An inmate author does his best to save children from a life of crime.
An actress struggles to regain her life and livelihood after losing both legs in a crash.
The wife of a socially prominent attorney leaves her husband and children to marry a convicted murderer.
A wife-attorney defends her White House advisor-husband after he is photographed in the arms of another woman.
You met these remarkable people on the pages of Life & Style in 1996. Our writers and photographers took you into their worlds for a moment, to ponder their dilemmas and learn about what makes them tick.
And then, because the news is the news, they vanished from our view.
But their stories did not end once you had read about them. Here, we catch up with several of 1996's most memorable people.
The Center for a New American Dream is off the drawing board.
"We have a director, a headquarters and an agenda for the first two years," said Betsy Taylor, who has spearheaded the project. Its ultimate goal: to help the nation revamp its consumption patterns.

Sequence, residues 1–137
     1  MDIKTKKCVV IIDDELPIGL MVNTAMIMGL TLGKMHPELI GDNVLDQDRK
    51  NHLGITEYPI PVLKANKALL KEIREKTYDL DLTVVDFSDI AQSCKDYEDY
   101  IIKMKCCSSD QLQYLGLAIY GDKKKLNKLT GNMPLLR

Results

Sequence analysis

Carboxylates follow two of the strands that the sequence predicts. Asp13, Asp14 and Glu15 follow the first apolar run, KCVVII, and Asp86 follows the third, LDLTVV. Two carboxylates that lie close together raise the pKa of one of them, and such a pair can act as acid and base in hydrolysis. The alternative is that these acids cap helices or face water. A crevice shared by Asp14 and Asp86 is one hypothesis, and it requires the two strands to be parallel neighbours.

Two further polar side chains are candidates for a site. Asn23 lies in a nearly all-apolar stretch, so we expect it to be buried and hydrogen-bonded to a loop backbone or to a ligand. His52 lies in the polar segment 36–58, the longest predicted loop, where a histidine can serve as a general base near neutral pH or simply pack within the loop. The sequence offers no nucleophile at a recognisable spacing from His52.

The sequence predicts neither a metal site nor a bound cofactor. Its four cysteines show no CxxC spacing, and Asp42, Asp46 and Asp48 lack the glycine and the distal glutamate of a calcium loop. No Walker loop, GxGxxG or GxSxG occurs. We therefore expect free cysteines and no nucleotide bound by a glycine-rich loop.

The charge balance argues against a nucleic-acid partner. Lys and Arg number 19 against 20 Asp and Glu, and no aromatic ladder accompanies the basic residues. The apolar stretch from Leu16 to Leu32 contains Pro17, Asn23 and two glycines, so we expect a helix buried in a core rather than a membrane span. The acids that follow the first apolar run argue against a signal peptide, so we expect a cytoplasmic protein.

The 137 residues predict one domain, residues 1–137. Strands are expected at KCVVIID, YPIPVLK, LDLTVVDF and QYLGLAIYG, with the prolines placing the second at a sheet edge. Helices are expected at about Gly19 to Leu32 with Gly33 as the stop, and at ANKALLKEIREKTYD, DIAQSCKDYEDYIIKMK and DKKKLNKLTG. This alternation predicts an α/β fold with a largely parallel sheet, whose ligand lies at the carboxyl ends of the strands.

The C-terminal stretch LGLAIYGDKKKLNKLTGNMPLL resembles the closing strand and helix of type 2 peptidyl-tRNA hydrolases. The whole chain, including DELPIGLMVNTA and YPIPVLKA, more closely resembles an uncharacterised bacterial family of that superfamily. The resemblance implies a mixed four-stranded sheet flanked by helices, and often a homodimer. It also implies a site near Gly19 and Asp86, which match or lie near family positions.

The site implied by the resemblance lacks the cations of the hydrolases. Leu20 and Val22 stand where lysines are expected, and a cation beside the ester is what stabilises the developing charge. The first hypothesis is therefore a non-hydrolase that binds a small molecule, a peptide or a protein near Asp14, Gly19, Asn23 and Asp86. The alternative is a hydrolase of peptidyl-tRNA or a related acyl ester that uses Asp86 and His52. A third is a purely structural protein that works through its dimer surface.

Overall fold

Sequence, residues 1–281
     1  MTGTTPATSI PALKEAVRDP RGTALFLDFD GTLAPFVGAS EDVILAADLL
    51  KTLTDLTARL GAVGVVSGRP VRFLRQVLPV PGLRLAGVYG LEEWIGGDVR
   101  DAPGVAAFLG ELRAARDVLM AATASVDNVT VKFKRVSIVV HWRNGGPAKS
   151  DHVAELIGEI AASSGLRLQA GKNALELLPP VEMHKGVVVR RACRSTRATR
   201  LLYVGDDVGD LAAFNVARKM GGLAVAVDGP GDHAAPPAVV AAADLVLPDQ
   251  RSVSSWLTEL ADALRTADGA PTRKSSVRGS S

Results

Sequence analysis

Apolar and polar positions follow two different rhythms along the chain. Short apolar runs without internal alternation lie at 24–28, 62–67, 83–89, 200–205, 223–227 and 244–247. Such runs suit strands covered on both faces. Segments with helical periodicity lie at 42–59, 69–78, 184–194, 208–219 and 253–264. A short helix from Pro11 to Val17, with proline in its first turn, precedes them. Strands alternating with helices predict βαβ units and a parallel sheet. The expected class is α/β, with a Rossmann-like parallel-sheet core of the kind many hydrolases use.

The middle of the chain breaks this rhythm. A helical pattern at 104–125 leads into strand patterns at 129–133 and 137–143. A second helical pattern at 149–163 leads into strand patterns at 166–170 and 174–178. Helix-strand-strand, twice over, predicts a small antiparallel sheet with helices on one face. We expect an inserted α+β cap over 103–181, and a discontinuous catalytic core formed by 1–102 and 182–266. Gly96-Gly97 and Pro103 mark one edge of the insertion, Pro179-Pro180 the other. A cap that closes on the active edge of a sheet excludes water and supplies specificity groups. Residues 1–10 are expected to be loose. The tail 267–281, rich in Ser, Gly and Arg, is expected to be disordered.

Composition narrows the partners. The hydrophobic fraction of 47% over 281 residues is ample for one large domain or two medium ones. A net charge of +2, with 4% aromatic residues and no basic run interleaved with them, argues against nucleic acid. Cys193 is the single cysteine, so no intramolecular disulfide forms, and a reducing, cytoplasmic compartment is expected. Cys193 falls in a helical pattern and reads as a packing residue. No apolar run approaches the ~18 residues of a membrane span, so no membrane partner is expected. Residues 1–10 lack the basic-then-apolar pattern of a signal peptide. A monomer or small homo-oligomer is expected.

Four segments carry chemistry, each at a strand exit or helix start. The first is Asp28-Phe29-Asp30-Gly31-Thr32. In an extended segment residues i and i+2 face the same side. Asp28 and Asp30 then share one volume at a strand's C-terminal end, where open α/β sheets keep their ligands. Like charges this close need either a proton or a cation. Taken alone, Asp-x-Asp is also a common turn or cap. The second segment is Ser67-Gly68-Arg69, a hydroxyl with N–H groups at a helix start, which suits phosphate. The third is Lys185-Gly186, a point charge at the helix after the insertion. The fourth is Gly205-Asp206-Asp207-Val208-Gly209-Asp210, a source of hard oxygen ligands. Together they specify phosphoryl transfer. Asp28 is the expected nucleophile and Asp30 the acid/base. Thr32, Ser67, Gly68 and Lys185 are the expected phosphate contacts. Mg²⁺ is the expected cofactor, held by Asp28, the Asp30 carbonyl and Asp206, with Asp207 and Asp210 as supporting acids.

A Merck Family Fund survey in 1995 showed an American public dissatisfied with commercialism--82% agreed that we buy and consume far more than we need--and tired of the stress of keeping up with the Joneses.
Impressed by the results, Taylor, with Merck seed money (she's director of the fund), began laying the groundwork for a new organization. She now chairs a national board of directors that recently tapped Ellen Furnari, former director of Ben and Jerry's Foundation, as executive director.
The first year's focus will be public education, Taylor said. "Our biggest goal is to spark a national dialogue on how the American dream is, and isn't, working."
Furnari, who will move into an office in Burlington, Vt., next month, said she can't think of a more exciting job.
"This concern is bubbling up in so many places--we are talking about economic structure, spirituality, culture and the viability of life as it has evolved on our planet," she said. "Our challenge is to tie it all together."